Christopher Freeman

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I learned about African American history from my parents, their brothers and sisters, also from my grandmothers. It was mind blowing to me what they went through. It was hard to absorb that kind of information at my early age. I will never forget the stories, now I understand. It touched my heart as well as fueled my fire to be best I can be. My grand parents where some of the strongest accomplished people I have ever known. I am 48. I was born in Savannah, Georgia. From a small Indian town off the river called Thunderbolt, Georgia. My parents and their parents we born in Lone Oak Georgia. 45 miles south of Atlanta, between Peachtree city and LaGrange Georgia. Capital-Greenville, Georgia. My African American grandparents connected with the Creek Indians to survive as farmers. As a kid I watched my great grandfather Willie Thompson plow miles of land with a mule. It was a sight to see. He was a very strong Black man. His history of survival as a black man was unbelievable. Our family owned thousands of acres of beautiful land in this area. They where producers of cows, pigs, fish, vegetables, fruit and pine trees. From those basic products my forefathers were self sufficient in their lives. My grandparents where also super creative people. Building and designing everything they owned. From wood products, iron products and medicines. To this day our family owns hundreds of acres of land in this Georgia area. My grandmother Mini Freeman was my greatest history lesson. She was a very strong Black women. She was educated, and had a strong belief in God. In her town, she was the first Black women to accomplish many things. Some of her accomplishments were impossible even for a Black man. She established political movements, schools, a church and organizations. To this day, they are still functioning. She always kept God first. There was one story she shared with me that will always be apart of my life and heart. My grandmother had a brother who was a pastor. He would organize gatherings with Blacks in the community. He would speak words of African American Unity and education. Local whites heard of these organized gatherings. In time,they found the leader, took him to the river, to be hanged. Never knew him, but I felt my grand mother’s pain. I know the senseless lose of her brother fueled her spiritual fire.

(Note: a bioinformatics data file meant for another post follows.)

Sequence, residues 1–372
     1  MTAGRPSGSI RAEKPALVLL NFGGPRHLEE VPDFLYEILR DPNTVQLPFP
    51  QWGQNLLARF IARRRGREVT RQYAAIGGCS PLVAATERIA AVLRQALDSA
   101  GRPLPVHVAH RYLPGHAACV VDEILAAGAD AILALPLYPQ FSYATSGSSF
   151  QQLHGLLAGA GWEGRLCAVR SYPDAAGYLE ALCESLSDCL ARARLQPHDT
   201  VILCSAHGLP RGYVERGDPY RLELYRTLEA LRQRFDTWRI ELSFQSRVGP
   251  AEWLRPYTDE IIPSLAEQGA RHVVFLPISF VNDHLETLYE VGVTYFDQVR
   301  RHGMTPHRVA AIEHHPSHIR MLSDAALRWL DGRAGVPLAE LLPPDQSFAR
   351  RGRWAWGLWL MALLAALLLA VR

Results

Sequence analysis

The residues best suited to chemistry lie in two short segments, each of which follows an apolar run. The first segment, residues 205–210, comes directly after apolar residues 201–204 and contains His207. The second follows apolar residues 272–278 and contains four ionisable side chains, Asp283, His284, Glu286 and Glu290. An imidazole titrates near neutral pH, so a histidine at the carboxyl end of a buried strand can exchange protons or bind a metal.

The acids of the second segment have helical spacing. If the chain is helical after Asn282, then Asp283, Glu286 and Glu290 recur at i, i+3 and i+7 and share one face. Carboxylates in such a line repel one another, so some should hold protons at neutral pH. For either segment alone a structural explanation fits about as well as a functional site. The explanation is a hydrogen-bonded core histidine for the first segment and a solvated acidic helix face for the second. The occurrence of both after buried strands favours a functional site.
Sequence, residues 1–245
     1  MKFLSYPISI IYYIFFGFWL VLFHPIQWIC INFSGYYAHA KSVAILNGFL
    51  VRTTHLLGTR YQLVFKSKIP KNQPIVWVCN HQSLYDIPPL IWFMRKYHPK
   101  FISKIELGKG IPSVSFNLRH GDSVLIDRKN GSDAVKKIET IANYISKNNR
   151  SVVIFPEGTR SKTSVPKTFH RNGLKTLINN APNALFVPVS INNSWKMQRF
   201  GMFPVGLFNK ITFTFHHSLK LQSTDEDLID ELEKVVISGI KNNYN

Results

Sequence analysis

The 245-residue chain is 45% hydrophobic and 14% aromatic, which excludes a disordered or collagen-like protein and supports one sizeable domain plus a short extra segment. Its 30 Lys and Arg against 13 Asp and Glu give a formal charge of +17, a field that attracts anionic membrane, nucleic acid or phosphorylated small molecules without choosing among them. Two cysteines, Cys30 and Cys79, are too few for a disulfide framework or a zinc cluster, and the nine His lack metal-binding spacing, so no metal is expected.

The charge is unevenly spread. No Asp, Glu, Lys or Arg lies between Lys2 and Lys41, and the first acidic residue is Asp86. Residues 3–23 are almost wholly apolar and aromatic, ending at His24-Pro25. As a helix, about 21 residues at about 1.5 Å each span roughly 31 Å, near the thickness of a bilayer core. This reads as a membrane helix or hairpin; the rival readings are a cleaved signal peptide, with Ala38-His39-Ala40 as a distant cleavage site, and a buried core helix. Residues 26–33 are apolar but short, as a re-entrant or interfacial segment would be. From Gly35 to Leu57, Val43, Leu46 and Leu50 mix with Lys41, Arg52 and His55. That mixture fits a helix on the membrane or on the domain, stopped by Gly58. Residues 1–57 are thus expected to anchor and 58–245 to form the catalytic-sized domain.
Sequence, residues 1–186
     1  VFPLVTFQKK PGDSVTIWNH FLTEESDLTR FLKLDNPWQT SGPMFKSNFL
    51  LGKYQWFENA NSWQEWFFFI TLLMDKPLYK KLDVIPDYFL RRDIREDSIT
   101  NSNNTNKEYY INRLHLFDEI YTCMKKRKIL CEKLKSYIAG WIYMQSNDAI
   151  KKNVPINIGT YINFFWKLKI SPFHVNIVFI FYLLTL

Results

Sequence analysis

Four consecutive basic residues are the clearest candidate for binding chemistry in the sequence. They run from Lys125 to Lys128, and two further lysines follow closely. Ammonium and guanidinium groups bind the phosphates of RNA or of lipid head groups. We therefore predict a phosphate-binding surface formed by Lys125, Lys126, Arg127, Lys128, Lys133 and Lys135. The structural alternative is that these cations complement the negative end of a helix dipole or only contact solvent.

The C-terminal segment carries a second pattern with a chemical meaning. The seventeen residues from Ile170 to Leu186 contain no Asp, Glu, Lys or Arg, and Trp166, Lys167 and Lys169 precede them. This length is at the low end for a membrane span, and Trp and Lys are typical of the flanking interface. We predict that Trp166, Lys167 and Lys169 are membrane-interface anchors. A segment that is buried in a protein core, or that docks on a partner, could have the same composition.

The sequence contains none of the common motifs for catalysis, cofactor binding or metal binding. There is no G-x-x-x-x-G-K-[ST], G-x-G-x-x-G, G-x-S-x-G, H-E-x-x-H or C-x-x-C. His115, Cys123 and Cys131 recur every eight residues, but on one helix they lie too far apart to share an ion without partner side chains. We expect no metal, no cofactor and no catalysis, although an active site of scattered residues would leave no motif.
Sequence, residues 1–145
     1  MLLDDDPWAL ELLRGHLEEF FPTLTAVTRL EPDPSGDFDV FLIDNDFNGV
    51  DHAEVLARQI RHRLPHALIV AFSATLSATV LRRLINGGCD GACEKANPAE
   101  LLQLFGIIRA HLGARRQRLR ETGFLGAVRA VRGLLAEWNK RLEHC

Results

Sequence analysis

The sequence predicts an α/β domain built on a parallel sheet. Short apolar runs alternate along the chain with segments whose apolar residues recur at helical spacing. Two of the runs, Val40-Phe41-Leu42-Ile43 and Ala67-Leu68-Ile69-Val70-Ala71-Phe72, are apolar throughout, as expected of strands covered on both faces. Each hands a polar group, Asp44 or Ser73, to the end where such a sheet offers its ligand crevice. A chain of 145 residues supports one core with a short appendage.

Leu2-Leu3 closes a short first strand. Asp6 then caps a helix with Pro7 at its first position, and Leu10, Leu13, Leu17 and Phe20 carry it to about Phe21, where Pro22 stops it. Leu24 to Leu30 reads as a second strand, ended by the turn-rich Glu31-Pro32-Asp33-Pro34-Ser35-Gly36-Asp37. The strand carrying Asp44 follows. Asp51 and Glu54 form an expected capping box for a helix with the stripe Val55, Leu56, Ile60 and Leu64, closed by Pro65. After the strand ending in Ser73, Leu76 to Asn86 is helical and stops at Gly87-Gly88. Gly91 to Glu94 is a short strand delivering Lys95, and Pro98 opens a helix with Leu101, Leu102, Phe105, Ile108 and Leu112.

My father’s struggles and accomplishments will always be apart of my life’s journey. I was born August 4, 1965-the fourth child of the family during the height of the civil rights revolution. Later in life my father told me horror stories of racial discrimination but heart warming stories of Black Unity. My father was a young, working hard towards a simple life for his family. My father was the first Black man to break new ground during challenging times in Savannah-Thunderbolt Ga. He was the first Black man to start his own auto mechanic business in Thunderbolt, Georgia. He was also the first Black foreman-manager to oversee the auto service department with the city of Savannah. My father had a gift to fix anything with an engine. He also had a heart of gold, never bitter, always giving and helping. Through harsh racial discrimination, my father moved forward and created a strong foundation for his family. I learned my father was a very proud Black man.I can go on with wonderful Black history stories, but will save some for later. I love my roots, culture and spirit. Our journey continues. Thank you all. Take care,

Christopher Freeman

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